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66 thoughts on “To Not Behave As A Victim

  1. Jeff Nguyen

    Wise words from Thich Nhat Hahn. The etymology of compassion is Latin, meaning “co-suffering.” Compassion moves beyond mere empathy as it gives rise to an active desire to alleviate another’s suffering.

    Reply
  2. KM Huber

    I, too, needed to read this today so thank you. For me, it is such a timely reminder to “see suffering in those who victimize.” Once again, someone holds up a mirror for me. Much appreciated.
    Karen

    Reply
    1. smilecalm Post author

      on paper it seems to make sense, Karen
      but it’s challenging when most around us
      do the opposite.
      wishing you little, but great success 🙂

      Reply
  3. Val Boyko

    Thank you for sharing this today. I also feel a need to share my belief here that our cells carry messages from previous lives and the universe. There is an intelligence within us at a cellular level that we cannot fathom, but we can feel it in a fear that isn’t logical and judgments that make no sense, even when we truly believe in the goodness of others. Old hurts live on until the one that feels them last is able to forgive and end the universal cycle. This is important work. 🙂

    Reply
    1. smilecalm Post author

      thanks for kindly offering this insight,Val!
      the energy does seem to permiate mine and other’s cells.
      with this realization there is hope
      of transformation 🙂

      Reply
  4. Hunt FOR Truth

    put the hurt on, sort it out, and its been me hurting myself over someone hurting themselves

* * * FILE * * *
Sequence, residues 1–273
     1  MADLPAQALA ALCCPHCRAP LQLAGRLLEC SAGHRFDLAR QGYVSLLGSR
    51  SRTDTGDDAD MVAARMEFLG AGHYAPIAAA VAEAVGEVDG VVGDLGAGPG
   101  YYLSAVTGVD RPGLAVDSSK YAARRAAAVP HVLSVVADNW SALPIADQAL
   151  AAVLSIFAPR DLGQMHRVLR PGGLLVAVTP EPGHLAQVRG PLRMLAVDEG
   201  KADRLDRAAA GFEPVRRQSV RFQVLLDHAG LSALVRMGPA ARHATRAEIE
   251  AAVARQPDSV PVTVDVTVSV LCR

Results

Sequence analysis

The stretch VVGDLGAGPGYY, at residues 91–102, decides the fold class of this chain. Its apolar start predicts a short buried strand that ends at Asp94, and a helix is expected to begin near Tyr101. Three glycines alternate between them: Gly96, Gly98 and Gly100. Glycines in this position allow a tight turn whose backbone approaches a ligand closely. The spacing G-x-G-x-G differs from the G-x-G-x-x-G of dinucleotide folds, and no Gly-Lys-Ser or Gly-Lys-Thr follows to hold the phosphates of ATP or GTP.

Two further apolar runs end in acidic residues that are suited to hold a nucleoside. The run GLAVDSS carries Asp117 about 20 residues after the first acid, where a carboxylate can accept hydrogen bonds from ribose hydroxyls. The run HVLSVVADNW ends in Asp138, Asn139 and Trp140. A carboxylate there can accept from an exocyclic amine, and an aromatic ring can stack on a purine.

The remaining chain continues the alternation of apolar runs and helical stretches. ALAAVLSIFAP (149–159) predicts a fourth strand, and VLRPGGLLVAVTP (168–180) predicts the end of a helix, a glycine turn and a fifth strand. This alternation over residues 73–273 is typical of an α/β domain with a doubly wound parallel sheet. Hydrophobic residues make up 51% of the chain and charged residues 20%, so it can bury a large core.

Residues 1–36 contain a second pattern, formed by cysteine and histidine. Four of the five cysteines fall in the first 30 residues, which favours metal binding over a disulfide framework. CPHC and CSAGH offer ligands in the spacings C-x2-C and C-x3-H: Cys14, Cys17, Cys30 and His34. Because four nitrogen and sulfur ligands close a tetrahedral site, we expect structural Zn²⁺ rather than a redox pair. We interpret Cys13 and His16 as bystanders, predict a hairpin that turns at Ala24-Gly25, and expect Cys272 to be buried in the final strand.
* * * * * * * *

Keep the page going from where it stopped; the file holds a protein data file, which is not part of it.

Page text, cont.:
These circle recall the saying: what goes around come around…or… we attract what we are

    Blessings.
    ~ Eric

    Reply
  5. Genie

    Compassion for all sentient beings, in the mind and heart;
    …Caution when walking, carry a stick.

    To be Compassionate and to make oneself vulnerable. are two different things.

    Reply
    1. smilecalm Post author

      thanks for the kind reminder, Genie!
      when in hostile environments
      may we walk peacefully
      while carrying a stick with compassion.
      i have found it necessary to examine my thought or feeling of vulnerability
      which arises in any given moment, even if the sky is blue, coast is clear
      and let go of fear and anger when i’m only threatened in my mind.
      but i understand about being in locations where it is not safe; certainly not comfortable.
      i hope you are feeling safe most of the time, my friend 🙂

      Reply
    1. smilecalm Post author

      thanks for your kind words, Thomas.
      what a nice gesture for the classroom!
      there are some colorful flags here in my house, also 🙂

      Reply
  6. JusticeLivesNot

    Empathy = understanding the suffering of others.
    Compassion = action taken to alleviate the suffering of others.
    Thich Nhat Hanh is a better man than I, for sure. Thank you for sharing.

    Reply
    1. smilecalm Post author

      thanks for your kind, insightful words, my justice friend.
      these teaching are ideals
      offering direction towards liberation.
      while we may not get liberated
      i feel better trying, than not.
      may all experience empathy, if not compassion
      of another, at some time 🙂

      Reply
  7. Crinia